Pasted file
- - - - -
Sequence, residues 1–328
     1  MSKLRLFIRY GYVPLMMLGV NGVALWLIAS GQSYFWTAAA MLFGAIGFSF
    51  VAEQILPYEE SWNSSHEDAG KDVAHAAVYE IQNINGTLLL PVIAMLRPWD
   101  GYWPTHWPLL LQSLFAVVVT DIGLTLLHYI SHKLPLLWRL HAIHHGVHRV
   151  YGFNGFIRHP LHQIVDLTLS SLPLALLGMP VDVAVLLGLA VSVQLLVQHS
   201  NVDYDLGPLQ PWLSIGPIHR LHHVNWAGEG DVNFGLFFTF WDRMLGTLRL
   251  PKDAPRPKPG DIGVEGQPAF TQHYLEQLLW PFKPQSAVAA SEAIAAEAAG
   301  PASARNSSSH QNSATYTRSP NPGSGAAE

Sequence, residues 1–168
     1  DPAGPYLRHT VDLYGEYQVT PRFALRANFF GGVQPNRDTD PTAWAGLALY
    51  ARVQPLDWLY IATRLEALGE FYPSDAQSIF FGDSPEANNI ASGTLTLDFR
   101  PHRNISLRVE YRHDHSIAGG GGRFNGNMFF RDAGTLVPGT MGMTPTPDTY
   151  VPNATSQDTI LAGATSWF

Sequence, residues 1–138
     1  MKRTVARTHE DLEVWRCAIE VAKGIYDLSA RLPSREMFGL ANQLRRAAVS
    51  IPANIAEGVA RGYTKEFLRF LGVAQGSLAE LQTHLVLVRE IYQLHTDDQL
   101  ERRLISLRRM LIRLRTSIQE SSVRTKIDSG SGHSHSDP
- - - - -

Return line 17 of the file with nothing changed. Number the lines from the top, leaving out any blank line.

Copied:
   101  ERRLISLRRM LIRLRTSIQE SSVRTKIDSG SGHSHSDP